In the diocese where I live all clerical appointments appear to be in the gift of the archdeacons insomuch that all applications have to go to them in the first instance. Therefore, if an archdeacon does not like you there is no way you are going to be allowed to present your case before the parish representatives and the bishop. For example, when I send an application or an enquiry about an appointment to my local archdeacon he does not even deign to acknowledge it let alone action it.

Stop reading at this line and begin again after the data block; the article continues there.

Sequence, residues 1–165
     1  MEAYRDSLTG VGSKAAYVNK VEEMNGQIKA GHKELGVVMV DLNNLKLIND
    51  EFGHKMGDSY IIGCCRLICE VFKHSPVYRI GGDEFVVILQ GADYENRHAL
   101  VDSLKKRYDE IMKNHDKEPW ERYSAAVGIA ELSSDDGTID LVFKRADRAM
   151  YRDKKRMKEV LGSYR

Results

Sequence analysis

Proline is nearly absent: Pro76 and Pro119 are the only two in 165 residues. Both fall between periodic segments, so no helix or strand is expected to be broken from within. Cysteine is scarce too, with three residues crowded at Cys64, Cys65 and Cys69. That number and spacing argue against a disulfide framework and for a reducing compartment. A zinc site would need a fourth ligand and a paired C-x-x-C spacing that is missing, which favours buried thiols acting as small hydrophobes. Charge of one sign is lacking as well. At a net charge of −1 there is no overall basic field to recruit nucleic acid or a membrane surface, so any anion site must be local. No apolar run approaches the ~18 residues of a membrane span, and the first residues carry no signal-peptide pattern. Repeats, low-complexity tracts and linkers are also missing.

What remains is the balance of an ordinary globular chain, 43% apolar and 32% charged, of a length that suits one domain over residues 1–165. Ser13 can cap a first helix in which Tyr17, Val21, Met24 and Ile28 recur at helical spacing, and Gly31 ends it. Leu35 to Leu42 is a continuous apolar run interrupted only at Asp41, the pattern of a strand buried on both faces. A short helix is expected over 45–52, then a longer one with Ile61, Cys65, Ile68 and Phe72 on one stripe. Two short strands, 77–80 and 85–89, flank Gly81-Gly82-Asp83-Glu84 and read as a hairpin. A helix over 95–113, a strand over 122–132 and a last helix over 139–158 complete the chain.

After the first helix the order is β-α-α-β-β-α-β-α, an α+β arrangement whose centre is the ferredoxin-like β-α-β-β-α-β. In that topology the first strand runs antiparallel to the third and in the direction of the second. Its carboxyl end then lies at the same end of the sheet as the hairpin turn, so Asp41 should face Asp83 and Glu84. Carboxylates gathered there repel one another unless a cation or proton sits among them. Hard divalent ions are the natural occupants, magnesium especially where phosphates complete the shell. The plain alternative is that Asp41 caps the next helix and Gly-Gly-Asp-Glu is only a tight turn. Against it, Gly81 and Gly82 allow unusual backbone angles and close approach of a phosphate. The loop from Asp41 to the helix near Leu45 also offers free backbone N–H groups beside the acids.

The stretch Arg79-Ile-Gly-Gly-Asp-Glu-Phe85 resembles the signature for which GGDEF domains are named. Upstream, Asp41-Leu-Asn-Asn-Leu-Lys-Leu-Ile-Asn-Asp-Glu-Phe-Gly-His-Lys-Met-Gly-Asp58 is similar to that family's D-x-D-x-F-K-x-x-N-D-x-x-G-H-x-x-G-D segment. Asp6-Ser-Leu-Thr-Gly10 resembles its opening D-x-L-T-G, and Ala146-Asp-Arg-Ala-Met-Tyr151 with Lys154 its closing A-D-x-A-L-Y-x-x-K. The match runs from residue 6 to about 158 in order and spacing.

Now, arguments can be made for both the old method of bishops appointing clergy to posts and for the new method of parishes having the casting vote, but, for the life of me, I cannot think of one good reason why an archdeacon should decide. In fact, I can think of plenty of reasons why they should be kept out of the appointment process completely. They tend to be legalistic, bricks and mortar types, often referred to as bishops’ attack dogs. The ones I have had dealings with have been singularly devoid of pastoral sensitivity, Machiavellian in the extreme and very willing to bear a grudge. Like so many in the Church of England hierarchy they are in power because their desire for power gave them the hardness of heart needed to push everyone else out the way to get it.